Blood Tide

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GBP 18.0

RRP: £24.99

£18.00

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Overall Rating : 5.0 / 5 (1 Reviews)
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Top Customer Reviews

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The terror tainted 'Blood Tide' beguiles due to its moody atmosphere and abundant eccentricity!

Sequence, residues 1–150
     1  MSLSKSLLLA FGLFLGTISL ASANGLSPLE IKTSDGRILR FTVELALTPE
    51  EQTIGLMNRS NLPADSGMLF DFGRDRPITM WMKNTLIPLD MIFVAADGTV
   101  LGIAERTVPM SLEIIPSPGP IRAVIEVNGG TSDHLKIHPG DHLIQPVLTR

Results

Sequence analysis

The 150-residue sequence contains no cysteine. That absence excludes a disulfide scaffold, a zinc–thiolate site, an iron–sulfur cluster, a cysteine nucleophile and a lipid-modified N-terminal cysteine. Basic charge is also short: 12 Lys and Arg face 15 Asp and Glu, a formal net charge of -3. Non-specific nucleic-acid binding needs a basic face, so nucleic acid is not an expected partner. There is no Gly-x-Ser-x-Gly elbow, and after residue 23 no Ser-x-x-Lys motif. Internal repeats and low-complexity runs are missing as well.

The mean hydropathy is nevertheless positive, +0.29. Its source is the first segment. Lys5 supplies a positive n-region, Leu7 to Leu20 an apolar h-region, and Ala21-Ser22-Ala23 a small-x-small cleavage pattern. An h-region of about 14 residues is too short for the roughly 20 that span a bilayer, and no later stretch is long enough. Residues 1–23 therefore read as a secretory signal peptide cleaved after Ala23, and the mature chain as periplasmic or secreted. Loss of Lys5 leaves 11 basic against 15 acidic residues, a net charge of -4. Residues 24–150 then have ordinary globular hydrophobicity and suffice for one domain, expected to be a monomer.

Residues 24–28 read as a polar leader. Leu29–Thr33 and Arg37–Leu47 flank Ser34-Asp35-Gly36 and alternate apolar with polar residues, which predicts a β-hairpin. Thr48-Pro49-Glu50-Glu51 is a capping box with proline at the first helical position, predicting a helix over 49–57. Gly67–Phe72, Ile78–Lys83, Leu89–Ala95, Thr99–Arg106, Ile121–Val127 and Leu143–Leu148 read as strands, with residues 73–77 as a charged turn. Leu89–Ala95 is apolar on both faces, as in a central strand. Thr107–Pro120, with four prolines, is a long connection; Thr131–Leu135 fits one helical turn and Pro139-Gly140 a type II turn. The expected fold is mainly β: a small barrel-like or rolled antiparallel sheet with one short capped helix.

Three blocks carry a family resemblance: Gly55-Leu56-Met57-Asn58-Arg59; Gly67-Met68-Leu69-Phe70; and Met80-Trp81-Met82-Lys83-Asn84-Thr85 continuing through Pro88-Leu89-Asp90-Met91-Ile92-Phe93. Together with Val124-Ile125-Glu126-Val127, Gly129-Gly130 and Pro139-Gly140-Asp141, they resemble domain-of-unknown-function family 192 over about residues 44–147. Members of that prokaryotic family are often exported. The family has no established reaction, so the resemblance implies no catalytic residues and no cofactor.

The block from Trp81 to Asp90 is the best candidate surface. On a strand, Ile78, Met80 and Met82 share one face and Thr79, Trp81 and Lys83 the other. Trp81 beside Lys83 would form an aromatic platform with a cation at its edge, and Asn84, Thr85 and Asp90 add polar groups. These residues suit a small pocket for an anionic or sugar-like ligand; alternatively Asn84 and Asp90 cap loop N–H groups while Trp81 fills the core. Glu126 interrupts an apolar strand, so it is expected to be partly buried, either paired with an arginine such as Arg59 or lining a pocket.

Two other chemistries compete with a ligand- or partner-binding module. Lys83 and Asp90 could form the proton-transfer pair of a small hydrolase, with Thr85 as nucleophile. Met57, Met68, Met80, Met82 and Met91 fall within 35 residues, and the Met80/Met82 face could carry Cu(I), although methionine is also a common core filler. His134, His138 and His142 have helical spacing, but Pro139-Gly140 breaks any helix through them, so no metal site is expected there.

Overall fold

Atmospherically set within the isolated, faintly macabre-looking medieval town of Monemvasia this still unfairly neglected 80s creature feature begins with Greek Island hopping newly-weds Neil (Martin Kove) and Sherry Grice (Mary Louise Weller) somewhat unwelcome arrival, where the altogether bizarre locals seem greatly reluctant to grant Neil's earnest request for any assistance that might help locate his missing sister Madeline, played by spaced-out glamourpuss Deborah 'Nemesis' Shelton. On the Grice's first actively unsettling night they meet the no less eccentric couple of bodacious bikini blond bombshell Barbara (Lydia Cornell), a heroically hot beach bunny very much caught up in a delightfully ditsy world of her own, and bubble-headed Barbara's amusingly bluff, covertly treasure hunting boyfriend Frye (James Earl Jones) is not only one of the film's most amusingly ambivalent characters, but acts as the catalyst that guilelessly ushers forth the monstrous Blood Tide which soon gushes up madly from the bowels of hell and threatens to engulf them all! While rather conspicuously contradicting the enticingly garish title, this almost creature-less feature surprisingly proves itself to be a weirdly entertaining off-beat, B-Movie melange of macabre midnight Movie Madness, creepy, esoteric folk horror curiosity, waterlogged, cod-Peter Benchley 'what-done-it', with its rough, sun-baked charm given some additional lustre by the likeable performances of an experienced cast of award-winning Thespians, amusingly contrasted by the naive presence of dreamily beautiful Deborah Shelton, who not only manifests a delightfully strange aura, but also provides the not unsympathetic voice and lyrics to the jaunty, if singularly unmenacing title music, with the bulk of the effective score composed by Jerry Mosely who also did some equally fine work on 'Frightmare' (1983). Writer/director Richard Jefferies terror tainted 'Blood Tide' is an unconventionally restrained horror film that beguiles due to its moody atmosphere and abundant eccentricity rather than a default reliance on explicit gore.

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